NORTH BAY, ON The results of a poll conducted last weekend asking North Bay residents whether they approve of the recent action of the regional hospital for firing a nurse who spoke out against workplace violence, will be released Friday at 10:30 a.m., 120 Lakeshore Rd.

Participation in the five-question poll, conducted by Public Polling was higher than the 10 per cent norm for similar type polls. About 17 per cent of those called completed the poll, which tested residents’ perceptions of the North Bay Regional Health Centre termination of registered practical nurse Sue McIntyre late in January. McIntyre was one of several nurses who took part in a panel discussion on patient assaults on nurses at a nursing conference in Kingston. McIntyre was dismissed by the hospital for comments attributed to her in a media release summarizing the conference findings.

“We were very pleased and thankful that so many in the community took time out of their weekend to complete the poll to the end. Over the last month Sue has received overwhelming support from many people in North Bay. From across the province in fact. This issue has resonated far beyond this hospital, this nurse and this community,” says Michael Hurley, president of the Ontario Council of Hospital Unions (OCHU) that commissioned the poll.

On February 29 nearly 400 health care workers, over 300 of them coming on buses from Kingston, Hamilton and Ottawa in challenging winter weather joined a rally in support of McIntyre’s reinstatement. The rally was also an indicator that although what the North Bay hospital administration is intended to frighten health care staff into silence, “it’s not working. Many people are more determined than ever to speak up to make hospitals safer for both patients and staff,” says Hurley.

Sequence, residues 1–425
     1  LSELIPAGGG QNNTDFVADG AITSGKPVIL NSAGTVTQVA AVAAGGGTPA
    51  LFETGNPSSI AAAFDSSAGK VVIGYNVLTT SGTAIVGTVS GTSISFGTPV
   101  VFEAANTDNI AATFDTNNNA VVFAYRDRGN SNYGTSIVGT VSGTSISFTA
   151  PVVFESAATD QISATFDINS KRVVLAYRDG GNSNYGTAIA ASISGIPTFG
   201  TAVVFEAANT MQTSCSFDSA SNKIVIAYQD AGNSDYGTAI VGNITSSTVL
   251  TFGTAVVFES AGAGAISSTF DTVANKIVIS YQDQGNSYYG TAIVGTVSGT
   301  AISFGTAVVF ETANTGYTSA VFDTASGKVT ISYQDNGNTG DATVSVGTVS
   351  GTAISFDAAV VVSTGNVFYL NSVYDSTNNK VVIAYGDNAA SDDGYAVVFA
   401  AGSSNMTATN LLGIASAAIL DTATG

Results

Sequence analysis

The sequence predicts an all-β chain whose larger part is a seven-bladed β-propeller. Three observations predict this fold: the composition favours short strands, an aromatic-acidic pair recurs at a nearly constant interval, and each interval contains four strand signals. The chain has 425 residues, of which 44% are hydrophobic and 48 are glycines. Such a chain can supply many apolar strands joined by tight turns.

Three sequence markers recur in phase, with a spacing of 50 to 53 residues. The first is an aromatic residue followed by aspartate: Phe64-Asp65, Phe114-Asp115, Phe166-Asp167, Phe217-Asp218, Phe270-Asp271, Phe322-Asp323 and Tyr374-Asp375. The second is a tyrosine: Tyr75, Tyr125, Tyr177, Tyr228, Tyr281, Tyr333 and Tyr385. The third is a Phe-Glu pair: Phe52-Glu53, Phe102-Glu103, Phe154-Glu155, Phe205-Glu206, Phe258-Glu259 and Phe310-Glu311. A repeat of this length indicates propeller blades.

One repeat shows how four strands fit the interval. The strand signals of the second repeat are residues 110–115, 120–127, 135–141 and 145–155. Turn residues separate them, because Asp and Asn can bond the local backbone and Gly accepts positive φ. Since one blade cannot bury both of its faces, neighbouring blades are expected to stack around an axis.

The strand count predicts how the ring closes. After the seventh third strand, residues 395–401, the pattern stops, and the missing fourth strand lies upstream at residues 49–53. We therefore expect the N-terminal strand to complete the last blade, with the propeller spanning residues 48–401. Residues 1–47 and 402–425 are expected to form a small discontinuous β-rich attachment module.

A forum on workplace violence is planned for March 21 at 7 p.m. Hamilton nurse Linda Clayborne who spoke with McIntyre on the nursing panel will be among the guest speakers at the forum, Clayborne was among the more than 60 health care workers from Hamilton who travelled to North Bay for the February 29 rally.

The higher than usual uptake by residents also speaks to how tuned in the community is to the issue, says Hurley. “Uncovering the community’s attitude toward the hospital’s handling of the situation is very instructive for all of us. We do hope the health minister takes the time to consider the implications of what the North Bay hospital has done and act accordingly.”

After the Kingston conference, nurses appealed to the health minister to take the following actions:

  • Legislation, to protect health care workers from violence;
  • Providing health care with the same rights to refuse unsafe work as other workers in the public sector;
  • Charge patients and family members who are violent with staff under the criminal code;
  • Fund and staff Ontario hospitals and long-term care facilities to the Canadian average.

For more information please contact:

Michael Hurley
OCHU President

Stella Yeadon
CUPE Communications